Many war-wounded patients in Mosul – and in other post-conflict areas in Iraq such as Kirkuk, Anbar and Salaheddin – have endured months of agony waiting for follow-up care. They often received hasty surgery on or behind the frontlines to save their lives, and now they need additional surgery, pain management and physiotherapy to regain use of damaged limbs and muscles and to prevent losing more or all of their movement. Many people are also in need of urgent mental healthcare as they relive the violent trauma of the past and try to cope with the loss of loved ones.
In Mosul, it’s been one year since the conflict officially ended. But the battle to rebuild the city and people’s lives is far from over. Large swathes of Mosul, particularly in the west, remain decimated. Mines and booby traps still ensnare homes and health facilities. Some people with no other option have returned to Mosul and live in their damaged homes, often without water and electricity. Poor hygiene conditions are increasing the risk of disease, and trauma injuries are a regular occurrence as people try to rebuild their houses in dangerous conditions.
Access to healthcare is a daily struggle with nine out of the 13 hospitals damaged in the conflict. The reconstruction of health facilities has been extremely slow and there are still only five beds per 10,000 people, well below the international minimum standards for health service delivery.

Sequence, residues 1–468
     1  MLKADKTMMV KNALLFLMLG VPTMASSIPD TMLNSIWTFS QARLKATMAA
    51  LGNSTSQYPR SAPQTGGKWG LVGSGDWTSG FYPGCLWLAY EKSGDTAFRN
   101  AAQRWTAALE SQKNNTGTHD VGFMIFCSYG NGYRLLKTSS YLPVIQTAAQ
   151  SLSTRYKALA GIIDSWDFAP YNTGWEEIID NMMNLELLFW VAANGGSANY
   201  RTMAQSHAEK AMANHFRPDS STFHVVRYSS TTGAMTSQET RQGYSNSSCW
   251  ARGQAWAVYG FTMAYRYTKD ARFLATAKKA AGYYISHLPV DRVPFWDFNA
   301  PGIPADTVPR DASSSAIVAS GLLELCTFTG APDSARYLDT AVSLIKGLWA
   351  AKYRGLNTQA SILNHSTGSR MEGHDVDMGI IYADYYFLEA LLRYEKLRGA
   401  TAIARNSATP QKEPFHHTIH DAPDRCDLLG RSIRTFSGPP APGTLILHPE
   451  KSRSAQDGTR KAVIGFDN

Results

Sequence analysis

In 2017, MSF worked in and around Mosul to provide lifesaving services for people caught in the violence. We ran several trauma stabilisation posts in East and West Mosul, and managed four hospitals offering a range of services including emergency and intensive care, surgery and maternal healthcare. MSF currently runs a maternity hospital in west Mosul and a surgery and post-operative care facility for war-wounded patients in east Mosul.
Following the return of people to the Hawija area, MSF opened a clinic in Al-Abassi for the treatment of non-communicable diseases (NCD) and mental health care. MSF rehabilitated the water supply systems in Al-Abassi and will do the same for Al-Shajera, which will provide clean drinking water for an estimated 35,000 people and prevent the spread of waterborne diseases. MSF also opened a primary health care clinic in Hawija city, which will soon offer NCD treatment, mental health services and sexual reproductive healthcare. As more people return to Hawija, MSF will provide emergency room services in the city’s hospital.